But I bought and paid for my Adobe software long before I joined the "cloud." If I buy a software program and install it on my computer, I should be able to access and use that software forever. I paid for it. But the way Adobe does it, when you join the "cloud" they take back ownership of the software, and if I don't pay up every year, they take the software I paid for away from me. And that is just plain wrong.
I remember that too. A very slick and well-thought out model. That's the difference between having an eye for design (like Bob)... and not having a clue, like the genius who came up with this monstrosity!
No, I mean Greg. This isn't about model cars or 1:1 cars or automotive related stuff, it's about the ability to post pictures. It doesn't belong in "General," with clearly says is for model car and automotive topics only. SA has a special area for testing and site-related Q&A. Maybe we should have a section like that, too... but until then, this kind of topic belongs in the Off-Topic area.
I'm posting in real time, nothing was pre-built and "saved" for posting later. And I don't work on this every day... my time spent on it varies depending on how much (or how little) "real" work I have to do. Some days I work on the woody for an hour, some days all day. Some days not at all. No set schedule. And I am also an incredibly fast worker when I want to be. The thing that slows me down more than anything is waiting for paint and glue to dry. If they ever invent instant-dry paint, I could build this thing in a week, start to finish. I wouldn't base your self-evaluation on building speed. It's the end result that coiunts. Some people (like you) are just more deliberate, some people (like me) build at a very fast pace. But "at the end of the day," to use an incredibly over-used cliché, what counts are results, not how long it took to get them.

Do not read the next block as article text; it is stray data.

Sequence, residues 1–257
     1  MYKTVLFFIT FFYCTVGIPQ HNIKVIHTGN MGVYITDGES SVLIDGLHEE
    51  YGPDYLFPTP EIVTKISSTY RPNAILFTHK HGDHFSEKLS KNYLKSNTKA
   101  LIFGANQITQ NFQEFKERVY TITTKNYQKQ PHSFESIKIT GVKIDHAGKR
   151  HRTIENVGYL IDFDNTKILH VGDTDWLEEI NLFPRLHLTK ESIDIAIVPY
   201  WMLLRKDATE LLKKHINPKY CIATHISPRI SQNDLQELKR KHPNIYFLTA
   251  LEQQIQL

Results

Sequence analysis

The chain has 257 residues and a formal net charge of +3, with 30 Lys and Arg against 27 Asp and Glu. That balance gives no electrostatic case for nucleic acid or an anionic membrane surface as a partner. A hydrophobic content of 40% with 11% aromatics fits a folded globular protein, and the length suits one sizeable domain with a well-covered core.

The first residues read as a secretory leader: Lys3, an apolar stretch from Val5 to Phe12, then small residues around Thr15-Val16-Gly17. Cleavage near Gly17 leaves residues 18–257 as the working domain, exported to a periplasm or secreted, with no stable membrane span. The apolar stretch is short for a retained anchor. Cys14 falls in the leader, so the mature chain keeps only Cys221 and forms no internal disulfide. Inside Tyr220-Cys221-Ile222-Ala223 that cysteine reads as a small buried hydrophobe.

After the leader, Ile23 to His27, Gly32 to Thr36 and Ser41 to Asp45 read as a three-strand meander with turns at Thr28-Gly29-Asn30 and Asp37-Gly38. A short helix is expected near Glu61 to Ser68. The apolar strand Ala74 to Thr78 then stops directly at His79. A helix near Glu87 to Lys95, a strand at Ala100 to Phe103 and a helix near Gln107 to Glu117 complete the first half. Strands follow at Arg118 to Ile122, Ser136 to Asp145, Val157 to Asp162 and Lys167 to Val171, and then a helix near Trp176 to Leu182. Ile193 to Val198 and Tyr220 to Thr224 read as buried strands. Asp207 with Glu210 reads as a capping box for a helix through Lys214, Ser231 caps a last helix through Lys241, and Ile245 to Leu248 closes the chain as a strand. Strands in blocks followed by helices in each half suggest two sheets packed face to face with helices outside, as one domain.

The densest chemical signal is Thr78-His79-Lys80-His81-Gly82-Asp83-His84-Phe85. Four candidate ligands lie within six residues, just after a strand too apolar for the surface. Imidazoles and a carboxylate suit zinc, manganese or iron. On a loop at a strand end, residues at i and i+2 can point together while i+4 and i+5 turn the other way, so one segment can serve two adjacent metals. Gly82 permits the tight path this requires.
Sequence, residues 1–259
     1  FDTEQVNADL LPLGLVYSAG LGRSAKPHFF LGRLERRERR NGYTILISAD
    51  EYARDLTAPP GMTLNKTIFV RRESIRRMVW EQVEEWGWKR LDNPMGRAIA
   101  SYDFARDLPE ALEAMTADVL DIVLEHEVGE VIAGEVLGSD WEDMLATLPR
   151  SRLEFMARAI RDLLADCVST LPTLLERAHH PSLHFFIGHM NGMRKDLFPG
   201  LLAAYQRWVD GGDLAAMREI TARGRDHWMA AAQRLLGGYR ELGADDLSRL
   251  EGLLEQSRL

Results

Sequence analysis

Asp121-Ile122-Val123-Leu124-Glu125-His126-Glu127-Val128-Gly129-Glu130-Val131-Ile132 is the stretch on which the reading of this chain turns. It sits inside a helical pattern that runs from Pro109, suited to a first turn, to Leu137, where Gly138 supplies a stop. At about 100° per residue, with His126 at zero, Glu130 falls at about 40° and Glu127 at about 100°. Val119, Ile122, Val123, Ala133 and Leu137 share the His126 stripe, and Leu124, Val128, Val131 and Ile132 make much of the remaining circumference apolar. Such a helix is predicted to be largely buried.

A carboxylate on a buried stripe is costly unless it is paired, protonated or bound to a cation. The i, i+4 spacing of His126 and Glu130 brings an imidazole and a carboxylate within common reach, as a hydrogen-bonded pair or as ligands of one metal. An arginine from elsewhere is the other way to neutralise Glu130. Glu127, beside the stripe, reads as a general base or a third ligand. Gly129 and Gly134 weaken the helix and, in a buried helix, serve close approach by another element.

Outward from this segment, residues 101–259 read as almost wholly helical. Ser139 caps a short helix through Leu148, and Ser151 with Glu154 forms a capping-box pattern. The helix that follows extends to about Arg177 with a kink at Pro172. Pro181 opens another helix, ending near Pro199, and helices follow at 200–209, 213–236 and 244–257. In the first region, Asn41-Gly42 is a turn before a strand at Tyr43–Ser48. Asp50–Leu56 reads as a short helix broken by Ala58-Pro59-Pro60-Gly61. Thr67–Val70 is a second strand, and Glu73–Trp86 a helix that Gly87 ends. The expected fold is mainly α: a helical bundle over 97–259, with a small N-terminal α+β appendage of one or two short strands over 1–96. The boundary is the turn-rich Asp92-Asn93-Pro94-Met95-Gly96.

Got some of the front end details done... crank, driving lights, and bumper. The bumper and bumper mounting brackets are steel, looks very realistic when installed. The driving light assembly was tricky... the horizontal plated brass rod has no markings or anything to tell you where the lights need to go. It's up to the builder to space the lights correctly. The rod is also too long to fit bewteen the fenders, I had to cut it down. I also had to ream out the light mounting brackets that slip over the metal rod. Once I had the light placement measured out, I marked the rod, slipped off the mounting brackets, and used a grinding bit in my Dremel to scuff up the smooth plated surface of the rod where the mounting brackets would be, to give the CA I used to attach them something to grab onto besides smooth, shiny plated brass. You also have to be very careful to make sure both light mounting brackets are oriented correctly, otherwise when you mount the lights, they won't be lined up with each other. Again, there are no markings or any obvious way to align the brackets... you have to carefully eyeball it, and since I was using CA, hope that I got them right the first time! Turns out I did, and the lights are perfectly aligned with each other, and parallel to the ground. The light buckets are beautifully machined and plated brass, they look great!